LAS VEGAS — After an abysmal 22-win season in 2018-19, Bulls vice president of basketball operations John Paxson said the Bulls intended to add culture-changing veterans in free agency. At 6:01 on June 30, the Bulls followed through on that promise, quickly agreeing to a three-year, $41 million deal with 12-year veteran forward Thaddeus Young, who spent the previous three seasons with the Indiana Pacers.
Young was an unexpected early signing, given that he will likely come off the bench behind Lauri Markkanen at power forward. But if Paxson’s goal was to bring in serious-minded professionals to put around Chicago’s burgeoning young core, he accomplished it. Speaking to reporters at Summer League for the first time since officially signing with the Bulls, Young expressed a desire to get the most out of the likes of Markkanen, Zach LaVine and Wendell Carter, Jr. and help the Bulls return to the playoffs for the first time since trading Jimmy Butler in 2017.
“It starts by not getting tired of the grind,” Young said. “Not getting tired of the competitive nature. A lot of guys, they tend to get tired of the competitive nature, of coming to practices each and every day and playing over and over. But when you do those same things over and over, it helps you get better as a team, and it helps you win more games as a team. We just have to continue to keep that grind, continue to stay focused on the task at hand, which is winning basketball games, and hopefully we get to the playoffs.”
Young was in Las Vegas watching the Bulls’ Summer League team drop their second straight game, a blowout loss to the New Orleans Pelicans. The main attraction of Chicago’s teams has been No. 7 overall pick Coby White, whose performances have been up-and-down through three games at the event. Young likes what he sees in the newest member of the Bulls’ young nucleus, even if he acknowledges that White has a ways to go before becoming a productive player at the NBA level.
“He's a decent point guard that's very aggressive,” Young said. “Sometimes he picks his dribble up a little bit. But just from watching a couple games, I think he's going to be very good in this league. He's young, he's still got a lot to learn, but I can tell he's one of those kids that's very smart, very bright, and he'll be able to learn on the fly in a hurry. I'm looking forward to playing with him. I watched him at Carolina pretty much the whole season, just because I'm a basketball junkie. I watch all the games. I watch all the guys. And I know guys are trying to come in every year trying to take my job, so I have to pay attention. But I think he has a very high ceiling and he wants to win.”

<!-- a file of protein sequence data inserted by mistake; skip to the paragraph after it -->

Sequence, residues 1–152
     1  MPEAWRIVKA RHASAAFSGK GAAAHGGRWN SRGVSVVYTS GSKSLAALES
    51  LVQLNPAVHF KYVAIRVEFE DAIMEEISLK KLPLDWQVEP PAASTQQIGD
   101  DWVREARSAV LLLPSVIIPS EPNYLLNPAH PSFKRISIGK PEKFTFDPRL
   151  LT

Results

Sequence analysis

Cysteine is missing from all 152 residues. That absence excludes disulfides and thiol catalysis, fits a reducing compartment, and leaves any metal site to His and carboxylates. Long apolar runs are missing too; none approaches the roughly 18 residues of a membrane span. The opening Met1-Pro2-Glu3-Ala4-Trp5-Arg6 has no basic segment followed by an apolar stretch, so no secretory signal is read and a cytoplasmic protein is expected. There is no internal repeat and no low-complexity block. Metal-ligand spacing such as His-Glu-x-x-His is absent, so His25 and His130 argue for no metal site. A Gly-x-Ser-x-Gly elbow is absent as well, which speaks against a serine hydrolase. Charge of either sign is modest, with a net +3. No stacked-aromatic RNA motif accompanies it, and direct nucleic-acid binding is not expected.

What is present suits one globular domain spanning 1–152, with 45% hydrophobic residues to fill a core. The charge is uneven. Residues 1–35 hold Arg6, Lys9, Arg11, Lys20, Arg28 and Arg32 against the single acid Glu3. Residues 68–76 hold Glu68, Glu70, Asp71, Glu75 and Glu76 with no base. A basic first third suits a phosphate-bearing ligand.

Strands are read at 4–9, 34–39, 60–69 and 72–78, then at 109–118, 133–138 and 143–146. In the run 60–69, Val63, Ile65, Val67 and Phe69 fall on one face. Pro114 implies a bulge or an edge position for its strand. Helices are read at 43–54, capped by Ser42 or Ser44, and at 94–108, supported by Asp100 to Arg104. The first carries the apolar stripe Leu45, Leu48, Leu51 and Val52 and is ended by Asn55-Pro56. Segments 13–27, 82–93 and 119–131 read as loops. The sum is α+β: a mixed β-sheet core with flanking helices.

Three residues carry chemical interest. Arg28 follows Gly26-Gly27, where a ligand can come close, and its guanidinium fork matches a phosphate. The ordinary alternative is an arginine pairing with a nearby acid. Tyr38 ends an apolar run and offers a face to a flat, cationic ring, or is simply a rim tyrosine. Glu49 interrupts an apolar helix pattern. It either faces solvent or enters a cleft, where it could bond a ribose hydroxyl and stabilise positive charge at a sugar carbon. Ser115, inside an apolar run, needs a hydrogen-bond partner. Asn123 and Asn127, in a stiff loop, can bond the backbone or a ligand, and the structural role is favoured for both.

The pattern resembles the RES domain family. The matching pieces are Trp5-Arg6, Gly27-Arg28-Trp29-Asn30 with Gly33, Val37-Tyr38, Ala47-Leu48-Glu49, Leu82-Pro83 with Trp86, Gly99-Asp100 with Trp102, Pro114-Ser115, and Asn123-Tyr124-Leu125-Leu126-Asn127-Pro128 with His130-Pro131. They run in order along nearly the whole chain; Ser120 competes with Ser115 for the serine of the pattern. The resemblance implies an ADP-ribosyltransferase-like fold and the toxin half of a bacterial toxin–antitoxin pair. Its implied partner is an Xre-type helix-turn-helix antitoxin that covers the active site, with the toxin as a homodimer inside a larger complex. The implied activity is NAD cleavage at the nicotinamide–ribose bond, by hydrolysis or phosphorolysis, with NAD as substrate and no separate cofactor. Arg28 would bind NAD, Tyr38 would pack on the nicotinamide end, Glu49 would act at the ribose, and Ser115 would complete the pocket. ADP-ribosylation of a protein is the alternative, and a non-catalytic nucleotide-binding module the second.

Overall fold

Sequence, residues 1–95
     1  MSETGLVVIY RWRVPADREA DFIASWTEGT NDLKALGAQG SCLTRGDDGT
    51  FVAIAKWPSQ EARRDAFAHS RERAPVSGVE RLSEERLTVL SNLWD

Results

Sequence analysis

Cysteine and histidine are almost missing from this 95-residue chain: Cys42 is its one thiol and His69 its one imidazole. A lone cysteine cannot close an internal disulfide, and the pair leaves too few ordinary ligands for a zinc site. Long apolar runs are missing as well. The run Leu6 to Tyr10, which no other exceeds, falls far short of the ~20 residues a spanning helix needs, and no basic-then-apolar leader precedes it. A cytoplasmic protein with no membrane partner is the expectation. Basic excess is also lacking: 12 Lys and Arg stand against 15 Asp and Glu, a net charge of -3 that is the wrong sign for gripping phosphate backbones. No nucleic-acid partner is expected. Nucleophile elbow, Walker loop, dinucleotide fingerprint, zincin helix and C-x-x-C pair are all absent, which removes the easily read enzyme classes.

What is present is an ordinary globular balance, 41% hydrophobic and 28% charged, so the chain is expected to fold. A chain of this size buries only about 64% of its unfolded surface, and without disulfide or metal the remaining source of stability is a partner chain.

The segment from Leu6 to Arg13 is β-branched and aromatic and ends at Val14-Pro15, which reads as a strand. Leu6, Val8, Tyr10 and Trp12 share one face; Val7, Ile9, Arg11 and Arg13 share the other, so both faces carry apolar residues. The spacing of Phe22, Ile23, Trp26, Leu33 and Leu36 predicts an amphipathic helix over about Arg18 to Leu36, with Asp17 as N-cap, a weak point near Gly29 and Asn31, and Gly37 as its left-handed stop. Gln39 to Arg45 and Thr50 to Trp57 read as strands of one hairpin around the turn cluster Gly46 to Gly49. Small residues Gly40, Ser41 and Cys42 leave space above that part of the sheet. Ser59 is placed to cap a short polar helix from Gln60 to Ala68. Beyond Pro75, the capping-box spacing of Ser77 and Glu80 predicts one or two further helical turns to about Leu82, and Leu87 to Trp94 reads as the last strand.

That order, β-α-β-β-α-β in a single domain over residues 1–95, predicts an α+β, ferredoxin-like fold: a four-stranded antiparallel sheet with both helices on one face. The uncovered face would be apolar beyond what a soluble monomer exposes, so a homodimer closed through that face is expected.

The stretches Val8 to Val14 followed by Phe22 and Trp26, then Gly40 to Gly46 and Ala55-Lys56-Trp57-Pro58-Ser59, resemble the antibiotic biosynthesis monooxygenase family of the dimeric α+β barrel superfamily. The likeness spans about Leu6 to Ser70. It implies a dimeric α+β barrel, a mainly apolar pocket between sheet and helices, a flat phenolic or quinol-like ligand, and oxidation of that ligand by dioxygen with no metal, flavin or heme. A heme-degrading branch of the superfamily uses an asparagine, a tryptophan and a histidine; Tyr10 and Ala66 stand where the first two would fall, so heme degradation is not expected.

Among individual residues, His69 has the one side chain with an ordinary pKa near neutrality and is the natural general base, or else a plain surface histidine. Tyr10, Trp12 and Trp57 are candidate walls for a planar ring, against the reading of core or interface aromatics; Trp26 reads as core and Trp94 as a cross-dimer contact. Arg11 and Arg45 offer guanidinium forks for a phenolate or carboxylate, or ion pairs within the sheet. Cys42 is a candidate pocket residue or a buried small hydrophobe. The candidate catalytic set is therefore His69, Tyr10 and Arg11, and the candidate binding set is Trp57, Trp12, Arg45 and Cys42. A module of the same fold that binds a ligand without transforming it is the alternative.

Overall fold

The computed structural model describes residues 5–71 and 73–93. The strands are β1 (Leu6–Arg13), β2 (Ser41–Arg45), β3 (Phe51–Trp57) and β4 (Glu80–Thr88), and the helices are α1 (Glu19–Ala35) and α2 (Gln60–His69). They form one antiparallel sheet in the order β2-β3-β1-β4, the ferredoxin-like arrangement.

Young and White aren’t the only new additions the Bulls have made this summer. They also signed veteran guard Tomas Satoransky and agreed to a deal with center Luke Kornet (the latter of which has not yet been made official). Satoransky joins Young as one of the proven veterans the Bulls’ front office has brought in, which they’re hoping will add depth in case they suffer another injury-plagued season like the one they just finished, which saw nearly every core player miss significant time.
“I think we have a well-rounded roster,” Young said. “Last year, we just had so many guys that were hurt and out due to injury, that you couldn't really see the potential of this team. When they were healthy, they were a force to deal with. They played hard, they were aggressive, they continued to fight, and they did things that can help a team win. But like I said, injuries limited them a little. But going in, changing the culture, being the leader. It starts with being that mold where we're doing something repetitively.”
Young has seen plenty of things in his NBA career. He’s been to the playoffs and been a part of the worst team in the NBA in Philadelphia, and everything in between. He’s a durable veteran who knows his role and plays within himself, and every playoff team needs those sports of players. Coming from a very good Pacers team, Young is embracing the challenge of helping guide the Bulls from the depths of the lottery back into the postseason.
And he’s well aware that it starts with changing the culture.
“It's a young team,” Young said. “I've taken on that role plenty of times in my career. Being in Minnesota, we had Zach and [Andrew Wiggins]. Come to Indiana, we had those guys had just won 40 games. We had to reshape our culture after Paul George leaves. We have a 42-win season with Paul and then a 48-win season and another 48-win season. But the guys got younger. You had Victor Oladipo coming in, you had Domas [Sabonis], you had a Myles Turner. I've taken on that role as a leader and helping shape and build a culture. And then we all know what happened in Philly. I was there at the start of the Process. We had a horrible season, but I went out there and played my butt off each and every night.
“It was like bringing a knife to a gunfight, but at the end of the day, I was swinging with that knife. So I've been in those situations before. I understand those situations. I know the task is very, very hard. I carry that weight each and every day. I know I can help these young guys get better, I know I can push them over the hump.”